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- Prayers for Freedom

True In-Dependence

Written by Renée Miller

“Great nations,” writes essayist Eboo Patel “are made of righteous strivings.”…[Yet] it is not only great nations that are made of righteous strivings, but also great humans, and healthy relationships. So when we think of independence in terms of our country or in terms of our own personal lives, or in terms of our relationships, we need to ask, “What are we seeking independence from and what are we seeking independence for?”

At first blush we could easily assume that we want independence from slavery, injustice, oppression and domination. Those are certainly an important part of independence, but are we not also seeking independence from all those negative qualities that hold us imprisoned in tombs of our own making? Qualities like anger, greed, refusing to forgive, gossip, joylessness, and seriousness? Qualities like these keep us from becoming what God intends. Qualities like these stunt our ability for righteous striving.

St. Seraphim of Sarov, a Russian saint from the 18th century, wrote:

Men cannot be too gentle, too kind. Shun even to appear harsh in your treatment of each other. All condemnation is of the devil. Never condemn each other. Not even those whom you catch at the evil deed. We condemn others only because we shun knowing ourselves. When we gaze at our own failings, we see such a morass of filth that nothing in another can equal it. That is why we turn away, and make much of the faults of others. Keep away from the spilling of speech. Instead of condemning others, strive to reach the inner peace. Keep silent, refrain from judgment. This will raise you above the deadly arrows of slander, insult, outrage, and will shield your glowing hearts against the evil that creeps around.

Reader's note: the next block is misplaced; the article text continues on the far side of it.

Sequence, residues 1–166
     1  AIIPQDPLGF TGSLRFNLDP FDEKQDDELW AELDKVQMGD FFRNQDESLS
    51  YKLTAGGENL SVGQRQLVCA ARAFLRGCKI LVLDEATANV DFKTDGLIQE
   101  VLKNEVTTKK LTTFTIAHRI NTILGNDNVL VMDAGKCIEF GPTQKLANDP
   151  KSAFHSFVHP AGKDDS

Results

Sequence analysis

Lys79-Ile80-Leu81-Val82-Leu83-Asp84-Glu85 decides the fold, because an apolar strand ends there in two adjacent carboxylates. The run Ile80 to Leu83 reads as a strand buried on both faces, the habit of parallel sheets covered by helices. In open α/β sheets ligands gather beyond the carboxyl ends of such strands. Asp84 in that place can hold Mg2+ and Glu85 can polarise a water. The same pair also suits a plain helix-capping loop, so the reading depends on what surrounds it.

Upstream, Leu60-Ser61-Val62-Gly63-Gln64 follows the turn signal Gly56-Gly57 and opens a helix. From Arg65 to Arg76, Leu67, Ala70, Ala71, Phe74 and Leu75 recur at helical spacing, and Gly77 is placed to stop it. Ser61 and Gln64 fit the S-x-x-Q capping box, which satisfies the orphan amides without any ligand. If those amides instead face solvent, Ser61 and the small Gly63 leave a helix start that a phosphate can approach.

So, then, what are we seeking independence for? I believe we’re seeking independence not for the reality of personal freedom alone, but for the reality of being in relationship. Think of independence as in-dependence. We hear a lot about the negative aspects of co-dependence but that is not the same as in-dependence. The reality is that we are in-dependence with one another, with the earth, and with God. We do not live isolated and alone. We are connected with all of creation, and I believe we need to seek to be in that healthy in-dependence with everything living on earth and in heaven.

This might mean that we are people of promise rather than predators. It might also mean that we embrace the counter-intuitive call to love our enemies. It might also mean we work to break down the walls that separate us from each other so that we begin to live from the heart the words of John Winthrop, the first governor of the Massachusetts Bay Colony. He said, “We must delight in each other, make others’ conditions our own, rejoice together, mourn together, labor and suffer together, always having before our eyes our community as members of the same body.”

What are we seeking independence from? Our own self-absorption. What are we seeking independence for? Living as a community of the same body. Amen.

Copyright ©2003 Calvary Episcopal Church
Excerpted from a sermon delivered at Calvary Episcopal Church, Memphis, Tennessee, July 4, 2003, Independence Day.